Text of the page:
The Rising Cost of Living Is the Biggest Concern for Austrians

Organizations ♦ Published: December 31, 2022; 14:43 ♦ (Vindobona)

A study conducted by the Institute for Empirical Social Research (IFES) on behalf of the trade union GPA shows that – among other things – the rise of living cost are causing the biggest headaches for Austrians. Other subjects of worry are the worsening of the healthcare system and the rising gap between the poor and rich.

Austrians' Greatest Worry Is the Rise of Living Costs, According to a Recent Study. / Picture: ©

The increasingly unaffordable cost of living is currently the biggest concern for Austrians. This emerges from an IFES study commissioned by the union GPA, which was carried out in November and December. 86 percent were very concerned or somewhat concerned on this point, closely followed by the topic of savings or deterioration in the healthcare system, the increasing gap between rich and poor, and a far-reaching economic crisis, according to Der Standard.

Also according to Der Standard, the study surveyed 1,000 residents aged 16 or older, both by phone and online, and found that 73 percent were most concerned about climate change. The least concerning point among those surveyed was the digitization of the working world. This was followed by cuts to the welfare state or social system, restrictions on democratic rights, and rising unemployment. In comparison with previous surveys in 2000, there has been an increase in concern about costs, healthcare, economic instability, and democracy.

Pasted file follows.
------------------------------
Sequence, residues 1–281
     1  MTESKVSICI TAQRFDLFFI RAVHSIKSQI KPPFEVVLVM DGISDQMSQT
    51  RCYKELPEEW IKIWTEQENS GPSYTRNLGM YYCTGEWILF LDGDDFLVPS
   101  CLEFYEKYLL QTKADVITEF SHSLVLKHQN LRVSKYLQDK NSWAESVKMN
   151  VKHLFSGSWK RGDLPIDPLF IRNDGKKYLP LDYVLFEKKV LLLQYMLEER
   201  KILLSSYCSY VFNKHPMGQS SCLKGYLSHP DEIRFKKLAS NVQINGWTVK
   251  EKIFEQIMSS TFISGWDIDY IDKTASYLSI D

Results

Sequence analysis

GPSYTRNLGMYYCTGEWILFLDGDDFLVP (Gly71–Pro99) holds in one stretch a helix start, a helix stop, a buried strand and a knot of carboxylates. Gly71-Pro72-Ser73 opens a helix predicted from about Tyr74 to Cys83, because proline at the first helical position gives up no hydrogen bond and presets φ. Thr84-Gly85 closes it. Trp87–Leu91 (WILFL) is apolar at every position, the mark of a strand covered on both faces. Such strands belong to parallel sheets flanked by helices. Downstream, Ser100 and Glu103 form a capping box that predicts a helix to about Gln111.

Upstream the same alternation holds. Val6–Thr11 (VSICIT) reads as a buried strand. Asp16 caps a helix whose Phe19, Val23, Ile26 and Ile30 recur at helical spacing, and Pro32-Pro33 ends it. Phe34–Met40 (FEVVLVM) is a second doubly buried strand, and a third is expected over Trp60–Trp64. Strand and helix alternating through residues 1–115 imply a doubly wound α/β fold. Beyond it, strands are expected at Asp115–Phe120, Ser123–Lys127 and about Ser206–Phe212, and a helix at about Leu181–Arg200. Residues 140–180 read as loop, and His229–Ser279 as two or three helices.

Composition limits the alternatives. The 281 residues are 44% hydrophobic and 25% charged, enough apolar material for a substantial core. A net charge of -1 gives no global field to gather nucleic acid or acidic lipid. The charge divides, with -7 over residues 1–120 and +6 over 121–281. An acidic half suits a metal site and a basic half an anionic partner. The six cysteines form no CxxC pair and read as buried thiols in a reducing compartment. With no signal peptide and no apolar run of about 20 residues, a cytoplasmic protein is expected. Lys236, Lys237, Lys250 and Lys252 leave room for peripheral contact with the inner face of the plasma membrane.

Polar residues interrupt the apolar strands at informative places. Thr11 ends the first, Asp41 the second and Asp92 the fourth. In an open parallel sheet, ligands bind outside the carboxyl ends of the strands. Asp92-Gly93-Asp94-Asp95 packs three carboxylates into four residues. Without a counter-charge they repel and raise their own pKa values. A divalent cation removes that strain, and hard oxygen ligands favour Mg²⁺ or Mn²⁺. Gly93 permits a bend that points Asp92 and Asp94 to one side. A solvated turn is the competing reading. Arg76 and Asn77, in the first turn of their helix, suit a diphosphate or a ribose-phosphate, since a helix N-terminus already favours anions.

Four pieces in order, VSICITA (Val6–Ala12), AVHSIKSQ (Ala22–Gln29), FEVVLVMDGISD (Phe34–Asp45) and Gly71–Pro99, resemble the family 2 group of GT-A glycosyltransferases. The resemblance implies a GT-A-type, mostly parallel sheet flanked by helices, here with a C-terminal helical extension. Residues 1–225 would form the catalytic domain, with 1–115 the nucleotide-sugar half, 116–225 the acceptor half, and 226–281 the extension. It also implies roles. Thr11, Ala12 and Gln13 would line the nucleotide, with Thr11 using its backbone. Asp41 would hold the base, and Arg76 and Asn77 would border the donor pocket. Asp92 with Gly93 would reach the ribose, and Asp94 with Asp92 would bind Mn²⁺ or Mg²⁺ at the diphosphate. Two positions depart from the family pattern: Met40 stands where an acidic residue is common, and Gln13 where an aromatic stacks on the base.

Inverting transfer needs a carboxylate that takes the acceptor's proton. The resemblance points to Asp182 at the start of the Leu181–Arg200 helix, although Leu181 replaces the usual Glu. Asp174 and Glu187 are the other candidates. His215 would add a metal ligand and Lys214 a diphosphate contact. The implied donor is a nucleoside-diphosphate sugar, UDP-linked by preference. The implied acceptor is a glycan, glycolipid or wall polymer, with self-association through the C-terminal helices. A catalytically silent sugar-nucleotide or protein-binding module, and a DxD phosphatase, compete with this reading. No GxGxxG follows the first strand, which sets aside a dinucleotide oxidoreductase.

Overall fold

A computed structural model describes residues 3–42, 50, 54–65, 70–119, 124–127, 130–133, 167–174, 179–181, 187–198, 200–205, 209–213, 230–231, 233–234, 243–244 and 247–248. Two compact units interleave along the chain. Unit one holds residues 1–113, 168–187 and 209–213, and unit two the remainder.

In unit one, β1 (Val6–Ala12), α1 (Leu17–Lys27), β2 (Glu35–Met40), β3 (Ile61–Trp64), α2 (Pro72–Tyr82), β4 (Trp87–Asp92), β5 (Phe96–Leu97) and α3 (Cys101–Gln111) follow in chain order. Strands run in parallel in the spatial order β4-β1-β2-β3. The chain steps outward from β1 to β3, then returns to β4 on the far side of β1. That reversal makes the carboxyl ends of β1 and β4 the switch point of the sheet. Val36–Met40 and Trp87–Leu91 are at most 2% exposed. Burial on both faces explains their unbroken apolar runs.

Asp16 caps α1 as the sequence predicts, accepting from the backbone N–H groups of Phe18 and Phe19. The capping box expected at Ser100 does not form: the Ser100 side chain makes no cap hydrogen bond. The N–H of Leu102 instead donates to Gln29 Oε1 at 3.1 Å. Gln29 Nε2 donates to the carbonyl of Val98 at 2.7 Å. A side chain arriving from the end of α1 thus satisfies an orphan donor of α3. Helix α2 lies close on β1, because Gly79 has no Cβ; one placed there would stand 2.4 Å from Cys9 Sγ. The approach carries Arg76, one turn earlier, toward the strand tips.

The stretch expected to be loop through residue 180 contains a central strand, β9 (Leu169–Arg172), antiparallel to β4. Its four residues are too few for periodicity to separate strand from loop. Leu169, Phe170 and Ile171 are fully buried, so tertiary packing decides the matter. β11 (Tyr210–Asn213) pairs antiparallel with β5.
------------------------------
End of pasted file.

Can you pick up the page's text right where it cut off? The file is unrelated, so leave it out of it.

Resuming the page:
According to the study authors, Austrian concerns span all social classes and are widely spread. Women were particularly affected by the crisis, which heightened their concerns. Women are more concerned about the cost of living than men, with 89 percent and 83 percent worrying respectively. Low-income groups were more likely to experience economic difficulties. It was emphasized that the problems themselves run through all income classes. Concern about the climate crisis has hardly been weakened by other crises. Increasingly, it said, there is concern about the restriction of democratic rights as well as economic developments, according to NOEN.

The GPA took this as an opportunity to demand more commitment from politicians to combat the consequences of the crisis. Politicians also implemented some demands of the trade unions. Now more relief measures are needed for private households, demanded GPA chair Barbara Teiber: "It cannot be that there is money for companies but not for the broad mass of dependent employees." The union is demanding a price cap for heat from all sources, and temporary tax cuts on food, fuel, public transport tickets, electricity, and gas. The mileage allowance must be increased, and rent increases capped. According to the GPA, unemployment benefits are also to be increased, and unemployment assistance is indexed.